Below is a Police Service in Northern Ireland report that looks into the Kincora original enquiry. It is a large document. I can point to page 9 ( sect 18) that will give you an idea of the sort of violence that was going on albeit the account starts in 1971.
You can imagine the sort of pressure on resources for the cops at the time and also the restricted help the community could give. The younger boys going missing would have been declared a priority, but the execution of that priority would have had unique challenges.
I hasten to say I am not making excuses or laying blame. This is not a piece about The Troubles. I am just saying that whatever else was at play in 1969/1970 chaos was also a factor.
Another Troubles related point was also made in the Belfast Forum postings in 2012. The West of Belfast tends to be occupied by Catholic folk. The East, where Kincora and the younger boys were, was predominantly Protestant. Again, if you don’t know the significance of that I will say briefly the two did not mix well when David Leckey and Jonathan Aven disappeared. Moving between the areas became increasingly difficult because not only was it not a safe thing to do but the security services setup check points to control the city.
The point is the idea of a single offender would have to explain how they travelled unseen between the two opposing areas.
To add murky water to all this, in researching what I could I came across the murder of a 10 year old boy called Brian McDermott. Brian was playing in a park called Ormeau Park in 1973 when he disappeared. One edge of the park is on Ravenhill Rd. I mentioned it above as it is the same stretch of road David Leckey’s school was on. Some of his remains were found in the River Lagan. Another side of the park runs along its banks. We have put a separate linked article together for this poor kid.
The Older Boys: Ronald Kirk and John Glennon
I have nothing, to be frank, of much use here. I don’t even get a result from the British News Archives about these young men. This is a modern view of Divismore Cresent where John Glennon lived:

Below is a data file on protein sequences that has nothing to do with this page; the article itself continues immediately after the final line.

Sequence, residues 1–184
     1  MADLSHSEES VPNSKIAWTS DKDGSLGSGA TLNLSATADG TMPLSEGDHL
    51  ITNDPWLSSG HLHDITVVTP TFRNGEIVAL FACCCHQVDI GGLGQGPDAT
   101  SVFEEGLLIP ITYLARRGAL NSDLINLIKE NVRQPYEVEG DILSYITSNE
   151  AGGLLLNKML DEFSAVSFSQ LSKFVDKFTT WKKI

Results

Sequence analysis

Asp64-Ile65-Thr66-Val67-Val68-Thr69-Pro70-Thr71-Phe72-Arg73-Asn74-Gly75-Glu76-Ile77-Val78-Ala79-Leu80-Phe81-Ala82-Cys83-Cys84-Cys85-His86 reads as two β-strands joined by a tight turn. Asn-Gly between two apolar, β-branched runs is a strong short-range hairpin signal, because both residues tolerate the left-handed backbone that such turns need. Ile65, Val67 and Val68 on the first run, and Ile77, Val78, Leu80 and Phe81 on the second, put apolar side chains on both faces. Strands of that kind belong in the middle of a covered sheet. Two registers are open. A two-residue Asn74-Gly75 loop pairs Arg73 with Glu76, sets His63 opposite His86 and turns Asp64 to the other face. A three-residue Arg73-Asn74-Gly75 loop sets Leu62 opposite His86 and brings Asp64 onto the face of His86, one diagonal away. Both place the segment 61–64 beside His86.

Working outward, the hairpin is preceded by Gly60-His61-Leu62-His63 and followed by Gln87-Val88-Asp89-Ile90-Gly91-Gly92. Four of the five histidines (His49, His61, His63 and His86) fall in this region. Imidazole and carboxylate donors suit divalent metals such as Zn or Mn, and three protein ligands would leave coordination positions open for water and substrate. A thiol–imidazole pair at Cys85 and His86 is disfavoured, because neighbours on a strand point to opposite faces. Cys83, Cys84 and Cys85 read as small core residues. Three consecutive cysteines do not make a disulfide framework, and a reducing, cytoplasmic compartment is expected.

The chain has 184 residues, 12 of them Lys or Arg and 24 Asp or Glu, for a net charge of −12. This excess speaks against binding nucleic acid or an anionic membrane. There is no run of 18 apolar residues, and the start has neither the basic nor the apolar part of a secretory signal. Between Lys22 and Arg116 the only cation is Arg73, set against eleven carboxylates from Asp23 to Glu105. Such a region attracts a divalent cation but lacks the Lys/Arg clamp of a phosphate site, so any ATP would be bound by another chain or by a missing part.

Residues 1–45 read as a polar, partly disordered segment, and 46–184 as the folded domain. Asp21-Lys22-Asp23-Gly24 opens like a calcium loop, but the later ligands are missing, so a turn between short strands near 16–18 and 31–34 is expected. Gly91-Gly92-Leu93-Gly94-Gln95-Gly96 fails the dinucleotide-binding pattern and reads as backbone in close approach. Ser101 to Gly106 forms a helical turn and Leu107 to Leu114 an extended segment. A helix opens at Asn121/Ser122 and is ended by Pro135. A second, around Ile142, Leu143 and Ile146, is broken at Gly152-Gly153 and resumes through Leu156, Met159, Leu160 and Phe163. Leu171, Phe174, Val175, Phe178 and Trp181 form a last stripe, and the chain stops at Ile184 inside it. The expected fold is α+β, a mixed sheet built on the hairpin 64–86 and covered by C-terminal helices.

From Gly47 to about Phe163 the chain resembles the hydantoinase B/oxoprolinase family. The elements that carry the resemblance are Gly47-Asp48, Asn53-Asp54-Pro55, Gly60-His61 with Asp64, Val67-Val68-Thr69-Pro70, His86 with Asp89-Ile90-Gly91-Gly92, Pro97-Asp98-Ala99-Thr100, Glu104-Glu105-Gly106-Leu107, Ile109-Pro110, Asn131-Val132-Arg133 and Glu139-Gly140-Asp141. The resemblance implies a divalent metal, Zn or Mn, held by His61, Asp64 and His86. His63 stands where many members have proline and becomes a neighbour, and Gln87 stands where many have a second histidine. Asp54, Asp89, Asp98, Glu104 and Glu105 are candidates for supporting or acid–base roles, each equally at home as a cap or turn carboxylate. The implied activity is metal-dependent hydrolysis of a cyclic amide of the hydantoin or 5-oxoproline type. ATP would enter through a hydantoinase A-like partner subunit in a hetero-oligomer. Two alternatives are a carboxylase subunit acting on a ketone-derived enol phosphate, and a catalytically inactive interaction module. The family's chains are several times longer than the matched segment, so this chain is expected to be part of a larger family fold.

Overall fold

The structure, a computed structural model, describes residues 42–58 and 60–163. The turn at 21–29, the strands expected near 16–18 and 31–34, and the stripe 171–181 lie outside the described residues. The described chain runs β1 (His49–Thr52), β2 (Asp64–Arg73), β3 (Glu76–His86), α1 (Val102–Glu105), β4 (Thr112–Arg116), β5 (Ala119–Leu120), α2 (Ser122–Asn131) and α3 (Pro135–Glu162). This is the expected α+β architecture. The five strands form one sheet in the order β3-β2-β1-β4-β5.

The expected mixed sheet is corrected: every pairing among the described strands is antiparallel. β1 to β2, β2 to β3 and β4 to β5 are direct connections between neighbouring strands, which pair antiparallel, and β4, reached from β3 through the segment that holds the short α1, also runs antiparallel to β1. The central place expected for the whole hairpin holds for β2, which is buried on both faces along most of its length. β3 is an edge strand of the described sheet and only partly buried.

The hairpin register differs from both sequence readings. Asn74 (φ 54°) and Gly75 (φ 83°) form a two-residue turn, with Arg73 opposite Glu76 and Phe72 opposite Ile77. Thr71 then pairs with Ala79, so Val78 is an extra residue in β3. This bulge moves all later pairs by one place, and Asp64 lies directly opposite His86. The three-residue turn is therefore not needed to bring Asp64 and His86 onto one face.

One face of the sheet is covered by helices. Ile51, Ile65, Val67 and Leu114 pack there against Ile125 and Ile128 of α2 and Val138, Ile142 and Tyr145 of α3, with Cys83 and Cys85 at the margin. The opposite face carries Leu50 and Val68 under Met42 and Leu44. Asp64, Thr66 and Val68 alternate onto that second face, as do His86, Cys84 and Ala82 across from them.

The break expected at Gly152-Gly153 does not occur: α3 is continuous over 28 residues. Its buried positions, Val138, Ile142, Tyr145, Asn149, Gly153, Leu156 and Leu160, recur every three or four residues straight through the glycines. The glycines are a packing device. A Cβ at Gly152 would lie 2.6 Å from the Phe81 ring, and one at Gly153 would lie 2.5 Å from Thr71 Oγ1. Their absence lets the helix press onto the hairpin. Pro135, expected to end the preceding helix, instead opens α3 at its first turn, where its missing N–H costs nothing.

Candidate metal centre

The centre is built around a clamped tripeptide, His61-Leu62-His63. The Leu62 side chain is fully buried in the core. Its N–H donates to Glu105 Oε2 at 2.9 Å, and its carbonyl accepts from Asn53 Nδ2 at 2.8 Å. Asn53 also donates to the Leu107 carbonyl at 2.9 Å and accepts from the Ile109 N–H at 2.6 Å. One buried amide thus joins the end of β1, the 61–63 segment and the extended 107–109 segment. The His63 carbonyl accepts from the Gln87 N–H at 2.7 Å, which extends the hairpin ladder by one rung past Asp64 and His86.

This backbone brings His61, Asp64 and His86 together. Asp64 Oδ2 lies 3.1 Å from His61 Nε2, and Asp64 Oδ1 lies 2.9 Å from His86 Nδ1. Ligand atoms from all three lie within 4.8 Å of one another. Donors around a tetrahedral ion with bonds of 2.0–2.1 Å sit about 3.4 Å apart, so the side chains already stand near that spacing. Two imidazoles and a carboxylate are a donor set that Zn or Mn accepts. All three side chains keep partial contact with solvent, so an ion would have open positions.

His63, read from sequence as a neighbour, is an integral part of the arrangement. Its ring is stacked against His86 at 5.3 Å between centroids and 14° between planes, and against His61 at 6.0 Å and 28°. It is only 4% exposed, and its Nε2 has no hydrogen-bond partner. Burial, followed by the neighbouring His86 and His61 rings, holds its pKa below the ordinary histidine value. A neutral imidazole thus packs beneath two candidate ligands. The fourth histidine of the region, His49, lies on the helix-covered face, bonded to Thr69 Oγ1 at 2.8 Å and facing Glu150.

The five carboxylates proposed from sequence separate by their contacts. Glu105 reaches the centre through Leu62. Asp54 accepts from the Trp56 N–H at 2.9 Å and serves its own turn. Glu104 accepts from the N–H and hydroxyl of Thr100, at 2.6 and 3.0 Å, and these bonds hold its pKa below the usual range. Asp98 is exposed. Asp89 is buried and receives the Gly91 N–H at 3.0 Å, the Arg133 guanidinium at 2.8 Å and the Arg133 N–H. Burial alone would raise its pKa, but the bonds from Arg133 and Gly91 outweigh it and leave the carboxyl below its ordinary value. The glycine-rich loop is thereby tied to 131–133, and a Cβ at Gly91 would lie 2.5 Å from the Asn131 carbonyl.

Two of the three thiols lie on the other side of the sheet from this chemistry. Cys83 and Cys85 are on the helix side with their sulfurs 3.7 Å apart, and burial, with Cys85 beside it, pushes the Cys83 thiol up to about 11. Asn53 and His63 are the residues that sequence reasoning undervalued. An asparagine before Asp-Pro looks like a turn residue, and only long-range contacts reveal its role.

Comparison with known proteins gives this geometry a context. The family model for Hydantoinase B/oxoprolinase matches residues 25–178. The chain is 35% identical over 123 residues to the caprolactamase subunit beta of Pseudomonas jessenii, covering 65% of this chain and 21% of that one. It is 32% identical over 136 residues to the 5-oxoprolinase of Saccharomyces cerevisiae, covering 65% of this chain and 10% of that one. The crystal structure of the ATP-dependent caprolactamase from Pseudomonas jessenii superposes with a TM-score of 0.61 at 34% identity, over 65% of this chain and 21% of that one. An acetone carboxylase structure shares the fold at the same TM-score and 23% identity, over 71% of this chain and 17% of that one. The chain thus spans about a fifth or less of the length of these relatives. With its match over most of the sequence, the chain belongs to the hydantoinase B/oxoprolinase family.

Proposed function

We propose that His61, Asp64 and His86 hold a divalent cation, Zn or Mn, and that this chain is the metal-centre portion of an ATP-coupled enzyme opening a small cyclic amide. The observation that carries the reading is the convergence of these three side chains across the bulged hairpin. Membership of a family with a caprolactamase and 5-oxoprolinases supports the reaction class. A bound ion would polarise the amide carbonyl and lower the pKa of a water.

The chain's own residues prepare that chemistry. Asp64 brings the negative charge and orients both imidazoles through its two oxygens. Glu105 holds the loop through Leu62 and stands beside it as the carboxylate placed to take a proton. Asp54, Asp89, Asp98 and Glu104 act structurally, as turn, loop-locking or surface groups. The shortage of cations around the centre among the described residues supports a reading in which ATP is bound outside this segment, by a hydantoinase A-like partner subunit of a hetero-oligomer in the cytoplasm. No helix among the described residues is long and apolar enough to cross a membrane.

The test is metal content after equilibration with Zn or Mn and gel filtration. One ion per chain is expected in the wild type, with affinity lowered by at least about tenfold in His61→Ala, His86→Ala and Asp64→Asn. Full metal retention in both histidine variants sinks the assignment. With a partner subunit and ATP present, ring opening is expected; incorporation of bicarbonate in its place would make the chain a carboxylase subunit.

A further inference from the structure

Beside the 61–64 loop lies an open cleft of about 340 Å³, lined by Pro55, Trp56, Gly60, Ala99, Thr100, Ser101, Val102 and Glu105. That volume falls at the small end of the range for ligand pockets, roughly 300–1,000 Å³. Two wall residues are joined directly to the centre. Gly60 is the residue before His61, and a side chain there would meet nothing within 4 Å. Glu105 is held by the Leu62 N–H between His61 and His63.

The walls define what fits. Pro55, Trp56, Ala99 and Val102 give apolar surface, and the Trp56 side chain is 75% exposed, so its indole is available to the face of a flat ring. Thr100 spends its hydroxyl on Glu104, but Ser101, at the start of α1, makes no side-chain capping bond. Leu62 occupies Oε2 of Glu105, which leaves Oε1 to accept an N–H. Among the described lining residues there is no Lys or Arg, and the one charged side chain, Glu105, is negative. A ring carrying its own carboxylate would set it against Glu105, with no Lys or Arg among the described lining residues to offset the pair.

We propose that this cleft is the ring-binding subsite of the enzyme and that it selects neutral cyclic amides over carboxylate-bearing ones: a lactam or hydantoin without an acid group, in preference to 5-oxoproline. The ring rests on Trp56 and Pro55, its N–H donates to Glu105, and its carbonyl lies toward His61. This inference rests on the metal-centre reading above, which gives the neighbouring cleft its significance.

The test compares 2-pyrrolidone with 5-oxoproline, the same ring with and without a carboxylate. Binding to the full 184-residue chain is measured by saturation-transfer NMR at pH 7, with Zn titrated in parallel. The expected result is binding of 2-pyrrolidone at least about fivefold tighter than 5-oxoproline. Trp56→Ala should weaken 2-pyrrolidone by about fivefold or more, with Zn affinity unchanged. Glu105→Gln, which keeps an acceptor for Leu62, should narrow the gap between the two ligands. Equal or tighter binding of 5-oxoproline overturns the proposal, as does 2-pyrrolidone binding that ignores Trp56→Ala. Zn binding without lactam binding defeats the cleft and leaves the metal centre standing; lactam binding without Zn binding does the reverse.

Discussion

A modern, random, view of Divismore Cresent, West Belfast.
Here, below, is a overview of Belfast showing Carrickfergus to the north. Carrickfergus is where Ronald Kirk was last seen.
By the time these two 16 year olds vanished the British military where established on the streets of Northern Ireland. In fact they had been deployed in increasing numbers since the month before the younger lads went missing.
What connection they had to each other, if any, I have no idea. All I do know is nothing is readily accessible and if it was not for the repeated claim that they went missing I would have been skeptical of putting their names among the many we are writing about. I will try and keep looking for more information.
Well not from me. I write this because the most recent publication of these boy’s names was a long time ago. We rank reasonably well on Google and their names should not be forgotten. For all I know a lone predator took each of these kids. Equally each could have met a separate fate at the hands of mis adventure or been caught up in the violence of the time. I totally agree mis adventure is unlikely.
I have done my best to add some context and this article sort of asks questions about them rather than supplies any answers.
Here is a list of the other unsolved child murders and vanishings we have covered. This list is including those we have written about between the 1960s and year 2000.
Ronald Kirk, John Glennon,
David Leckey, Jonathan Aven,
Please note you may well know more than we do. We confess to just doing our best with this one. We welcome any correction etc. We try and be polite, please return the courtesy. If you have already researched all this tragedy and the awful situation for the families, we will happily link it in here.
The below helped pinpoint where David Leckey’s house once stood.
The guidance I took re the segregation of the city:
The below is an outline of the military deployment in Northern Ireland between 1969 and the late 1990s